In the spring of 2021, Ian Saganash and Éliane Grant participated in the Territoire de rencontres (Territories of Encounters) camp. In a formula particularly adapted to the current health situation, they received virtual training and support. They carried out intergenerational encounters independently with their family members or according to the health measures in effect. During these encounters, they made several video recordings that they then shared with elder Allan Saganash and artist Akienda Lainé. Here is a montage of some of the clips from these cultural camps.

Territory of Encounter

Eeyou Istchee
Images by Ian Saganash

Territory of Encounter 

Mishigamish, Eeyou Istchee
Images by Eliane Grant


Last Cree standing

This work is a co-production
Allan Saganash
Allan Saganash is an important cultural expert and transmitter well-known in his Waswanipi Eeyou community. Now 67 years of age, Allan has spent much of his life teaching the Cree way of life and practicing and transmitting knowledge associated with traditional activities on the land. Throughout his community, he is recognized as a significant contributor to sustaining cultural practices. He has always been able to establish a balance between his cultural practices as a hunter, fisherman and trapper and his professional commitments as a territorial agent, negotiator with governments and industries, as well as setting up cultural programs and projects for the benefit of his community. Allan has specialized training in management, negotiation, politics and cultural development as well as unique experience in Cree traditional knowledge, land use and management.

Akienda Lainé
Born to a Wendat father and an Innu mother, Akienda has been working in collaboration with La Boîte Rouge VIF since 2015 as a director, writer and editor. With a college degree from Capilano College (North Vancouver) and a university certificate in the First Nations Audiovisual Production Program (Université du Québec à Chicoutimi), Akienda has a long track record as a filmmaker and multidisciplinary artist. Also an actor, a set technician, a production assistant and a playwright, he masters the art of transmission with excellence and sensitivity.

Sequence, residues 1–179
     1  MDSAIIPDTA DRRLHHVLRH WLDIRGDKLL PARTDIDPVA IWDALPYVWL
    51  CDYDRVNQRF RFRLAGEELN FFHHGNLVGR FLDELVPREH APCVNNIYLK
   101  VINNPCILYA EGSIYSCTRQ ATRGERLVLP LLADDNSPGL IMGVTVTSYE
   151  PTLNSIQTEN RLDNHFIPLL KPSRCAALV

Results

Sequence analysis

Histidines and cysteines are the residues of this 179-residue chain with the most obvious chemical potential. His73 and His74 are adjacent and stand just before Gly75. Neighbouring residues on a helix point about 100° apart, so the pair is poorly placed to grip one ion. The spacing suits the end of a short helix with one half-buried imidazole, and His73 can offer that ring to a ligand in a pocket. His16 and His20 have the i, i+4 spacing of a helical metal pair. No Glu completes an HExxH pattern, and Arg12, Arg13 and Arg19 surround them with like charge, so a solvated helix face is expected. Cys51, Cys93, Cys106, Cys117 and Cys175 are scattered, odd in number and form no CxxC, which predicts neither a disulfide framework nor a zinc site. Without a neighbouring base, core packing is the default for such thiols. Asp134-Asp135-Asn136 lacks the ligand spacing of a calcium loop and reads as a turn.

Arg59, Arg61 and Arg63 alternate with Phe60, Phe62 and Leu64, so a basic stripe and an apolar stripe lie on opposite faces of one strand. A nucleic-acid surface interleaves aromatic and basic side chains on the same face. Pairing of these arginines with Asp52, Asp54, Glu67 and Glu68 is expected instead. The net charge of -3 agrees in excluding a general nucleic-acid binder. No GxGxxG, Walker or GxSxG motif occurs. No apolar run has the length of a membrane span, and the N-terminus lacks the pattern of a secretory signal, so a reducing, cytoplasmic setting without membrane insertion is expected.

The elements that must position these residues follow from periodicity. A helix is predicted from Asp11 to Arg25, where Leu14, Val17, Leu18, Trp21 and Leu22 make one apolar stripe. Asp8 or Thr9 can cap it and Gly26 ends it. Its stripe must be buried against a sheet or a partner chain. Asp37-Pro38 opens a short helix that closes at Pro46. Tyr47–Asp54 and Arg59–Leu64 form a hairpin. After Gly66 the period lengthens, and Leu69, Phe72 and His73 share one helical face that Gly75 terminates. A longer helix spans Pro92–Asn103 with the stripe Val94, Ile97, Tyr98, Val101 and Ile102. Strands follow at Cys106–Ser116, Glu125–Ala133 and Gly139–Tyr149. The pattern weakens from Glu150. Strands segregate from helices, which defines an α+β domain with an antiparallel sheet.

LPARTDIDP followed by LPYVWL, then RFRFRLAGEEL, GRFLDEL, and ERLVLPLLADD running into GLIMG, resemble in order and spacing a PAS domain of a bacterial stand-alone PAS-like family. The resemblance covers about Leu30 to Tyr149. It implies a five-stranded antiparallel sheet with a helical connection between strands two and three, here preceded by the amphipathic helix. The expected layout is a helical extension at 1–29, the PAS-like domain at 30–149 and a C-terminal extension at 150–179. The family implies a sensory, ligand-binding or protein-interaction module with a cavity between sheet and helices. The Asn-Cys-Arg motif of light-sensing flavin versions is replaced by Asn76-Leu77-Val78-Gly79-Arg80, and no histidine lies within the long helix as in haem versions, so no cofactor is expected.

He has worked for several producers as a director, an assistant director and a cameraman, including several productions commissioned by the Indigenous channel APTN. For this same channel, Akienda directed his first feature film on the sensitive subject of the repatriation of remains of the Wendat Nation: "Ma Mémoire" (2013). In 2017, he directed a 9-minute film for La Boîte Rouge VIF on the Missing and Murdered Indigenous Women, a sensitive, touching and disturbing production about the distress and resilience of this tragic situation. He is currently working on a feature-length production of this topic. In 2019, in partnership with La Boîte Rouge VIF, he co-directed a web-documentary series for the Ontario Ministry of Education. This series of 7 educational video clips focuses on the realities of the First Nations, Inuit and Métis in Ontario. It has been nominated for a 2020 Numix Award in the category Documentary – Video clip and Web Series.